Coherent Digital Announces Policy Commons to Launch in June 2020

“Toby Green, former Head of Publishing, OECD and now co-founder, Coherent Digital: “It took 60 years for scientific consensus on the dangers of asbestos to change public health policy. It’s been 120 years since researchers gave early warning about the climate, yet policy makers are only just beginning to take action. One of the reasons for the long delay between expert consensus and policy action is because most content from experts in IGOs, NGOs, think tanks and research centers is published informally. This makes discovery hard, cataloguing impossible and preservation a nightmare. Students struggle to learn, too. In reading lists and syllabi, we’ve found that 25% of links to documents are broken. We intend to fix these problems with Policy Commons.”

Policy Commons will be an open platform that makes it easy to find, catalog and preserve reports, working papers, policy briefs and data from a directory of over 5,000 IGOs, NGOs, think tanks and research centers. It will be a comprehensive service that covers born-digital and archival material from IGOs like the OECD, the UN, the World Bank, IMF, FAO and EU, as well as leading NGOs, such as Amnesty International, and smaller influential think tanks.

Anyone will be able to use Policy Commons to find the content they need – full text access will be offered via the original website, if still available. Subscribing institutions will be able to access preservation copies, exclusive content, and benefit from a full range of support services, including catalog data and usage tracking….”

Coherent Digital Announces Policy Commons to Launch in June 2020

“Toby Green, former Head of Publishing, OECD and now co-founder, Coherent Digital: “It took 60 years for scientific consensus on the dangers of asbestos to change public health policy. It’s been 120 years since researchers gave early warning about the climate, yet policy makers are only just beginning to take action. One of the reasons for the long delay between expert consensus and policy action is because most content from experts in IGOs, NGOs, think tanks and research centers is published informally. This makes discovery hard, cataloguing impossible and preservation a nightmare. Students struggle to learn, too. In reading lists and syllabi, we’ve found that 25% of links to documents are broken. We intend to fix these problems with Policy Commons.”

Policy Commons will be an open platform that makes it easy to find, catalog and preserve reports, working papers, policy briefs and data from a directory of over 5,000 IGOs, NGOs, think tanks and research centers. It will be a comprehensive service that covers born-digital and archival material from IGOs like the OECD, the UN, the World Bank, IMF, FAO and EU, as well as leading NGOs, such as Amnesty International, and smaller influential think tanks.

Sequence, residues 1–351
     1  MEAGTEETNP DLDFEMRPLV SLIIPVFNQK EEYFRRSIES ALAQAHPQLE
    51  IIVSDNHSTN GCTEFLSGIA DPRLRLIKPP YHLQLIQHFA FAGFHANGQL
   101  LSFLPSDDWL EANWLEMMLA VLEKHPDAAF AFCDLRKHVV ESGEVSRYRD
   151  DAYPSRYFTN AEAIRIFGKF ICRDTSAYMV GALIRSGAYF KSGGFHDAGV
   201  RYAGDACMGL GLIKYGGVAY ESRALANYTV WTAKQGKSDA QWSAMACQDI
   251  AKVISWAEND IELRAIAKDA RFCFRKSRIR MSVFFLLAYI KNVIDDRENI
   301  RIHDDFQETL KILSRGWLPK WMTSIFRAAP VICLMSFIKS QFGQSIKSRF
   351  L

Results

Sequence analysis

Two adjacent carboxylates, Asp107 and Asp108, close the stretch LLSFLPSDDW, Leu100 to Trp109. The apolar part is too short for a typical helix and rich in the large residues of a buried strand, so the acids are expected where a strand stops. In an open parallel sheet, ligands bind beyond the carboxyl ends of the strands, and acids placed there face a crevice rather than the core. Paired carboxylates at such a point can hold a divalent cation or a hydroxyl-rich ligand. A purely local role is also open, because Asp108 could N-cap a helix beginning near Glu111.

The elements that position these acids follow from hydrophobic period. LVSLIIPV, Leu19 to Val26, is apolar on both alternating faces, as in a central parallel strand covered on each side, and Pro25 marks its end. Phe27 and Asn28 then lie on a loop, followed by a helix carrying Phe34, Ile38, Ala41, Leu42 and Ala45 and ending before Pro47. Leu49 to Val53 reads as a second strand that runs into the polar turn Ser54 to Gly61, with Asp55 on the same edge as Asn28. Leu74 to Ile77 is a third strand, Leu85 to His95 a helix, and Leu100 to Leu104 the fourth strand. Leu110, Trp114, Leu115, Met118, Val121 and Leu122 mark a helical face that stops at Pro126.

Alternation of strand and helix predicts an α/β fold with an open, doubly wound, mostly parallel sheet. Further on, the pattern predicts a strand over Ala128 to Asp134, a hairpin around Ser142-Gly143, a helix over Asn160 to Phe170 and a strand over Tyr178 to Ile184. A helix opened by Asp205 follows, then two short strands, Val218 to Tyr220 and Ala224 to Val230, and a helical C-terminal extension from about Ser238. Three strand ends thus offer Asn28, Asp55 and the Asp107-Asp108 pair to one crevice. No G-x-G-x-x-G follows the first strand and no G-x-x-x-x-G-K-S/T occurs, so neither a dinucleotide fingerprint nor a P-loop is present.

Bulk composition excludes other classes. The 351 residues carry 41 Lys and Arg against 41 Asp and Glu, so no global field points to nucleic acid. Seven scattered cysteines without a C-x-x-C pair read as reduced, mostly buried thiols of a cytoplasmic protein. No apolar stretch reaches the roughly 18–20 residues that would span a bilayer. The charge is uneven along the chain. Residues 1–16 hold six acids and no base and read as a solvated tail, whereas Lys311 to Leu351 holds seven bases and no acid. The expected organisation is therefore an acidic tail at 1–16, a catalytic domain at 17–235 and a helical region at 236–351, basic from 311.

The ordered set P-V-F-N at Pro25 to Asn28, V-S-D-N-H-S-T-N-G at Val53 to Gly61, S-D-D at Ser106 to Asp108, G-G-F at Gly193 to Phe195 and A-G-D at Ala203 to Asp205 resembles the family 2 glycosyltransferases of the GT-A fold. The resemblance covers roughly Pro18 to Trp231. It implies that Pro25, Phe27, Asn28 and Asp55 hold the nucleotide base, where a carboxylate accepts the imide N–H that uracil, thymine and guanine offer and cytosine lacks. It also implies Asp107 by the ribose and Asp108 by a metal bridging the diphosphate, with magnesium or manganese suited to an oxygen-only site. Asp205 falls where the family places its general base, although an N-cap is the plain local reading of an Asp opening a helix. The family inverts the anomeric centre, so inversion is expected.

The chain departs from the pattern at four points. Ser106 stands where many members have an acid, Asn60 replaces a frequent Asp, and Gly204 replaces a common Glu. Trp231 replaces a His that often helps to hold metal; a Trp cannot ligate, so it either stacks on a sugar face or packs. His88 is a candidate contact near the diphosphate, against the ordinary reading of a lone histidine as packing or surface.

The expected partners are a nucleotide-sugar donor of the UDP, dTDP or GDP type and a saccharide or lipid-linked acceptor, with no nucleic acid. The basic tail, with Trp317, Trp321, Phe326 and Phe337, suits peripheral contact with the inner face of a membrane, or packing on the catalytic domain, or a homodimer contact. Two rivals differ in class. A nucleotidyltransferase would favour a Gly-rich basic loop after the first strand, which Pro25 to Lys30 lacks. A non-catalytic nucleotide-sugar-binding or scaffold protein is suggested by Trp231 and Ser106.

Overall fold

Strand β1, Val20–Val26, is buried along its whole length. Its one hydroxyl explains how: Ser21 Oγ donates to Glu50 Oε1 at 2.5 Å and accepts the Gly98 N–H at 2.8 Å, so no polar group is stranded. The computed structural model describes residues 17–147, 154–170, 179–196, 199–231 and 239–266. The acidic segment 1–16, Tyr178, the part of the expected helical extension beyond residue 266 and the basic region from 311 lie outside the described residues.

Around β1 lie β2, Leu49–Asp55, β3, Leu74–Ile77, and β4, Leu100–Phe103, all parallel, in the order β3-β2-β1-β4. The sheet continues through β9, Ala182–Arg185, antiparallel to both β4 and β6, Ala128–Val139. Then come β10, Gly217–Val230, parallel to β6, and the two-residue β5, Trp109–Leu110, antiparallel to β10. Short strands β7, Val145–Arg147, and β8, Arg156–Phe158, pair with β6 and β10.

Anyone will be able to use Policy Commons to find the content they need – full text access will be offered via the original website, if still available. Subscribing institutions will be able to access preservation copies, exclusive content, and benefit from a full range of support services, including catalog data and usage tracking….”

A community-maintained standard library of population genetic models | bioRxiv

Abstract:  The explosion in population genomic data demands ever more complex modes of analysis, and increasingly these analyses depend on sophisticated simulations. Recent advances in population genetic simulation have made it possible to simulate large and complex models, but specifying such models for a particular simulation engine remains a difficult and error-prone task. Computational genetics researchers currently re-implement simulation models independently, leading to duplication of effort and the possibility for error. Population genetics, as a field, also lacks standard benchmarks by which new tools for inference might be measured. Here we describe a new resource, stdpopsim, that attempts to rectify this situation. Stdpopsim is a community-driven open source project, which provides easy access to a standard catalog of published simulation models from a wide range of organisms and supports multiple simulation engine backends. We share some examples demonstrating how stdpopsim can be used to systematically compare demographic inference methods, and we encourage an even broader community of developers to contribute to this growing resource.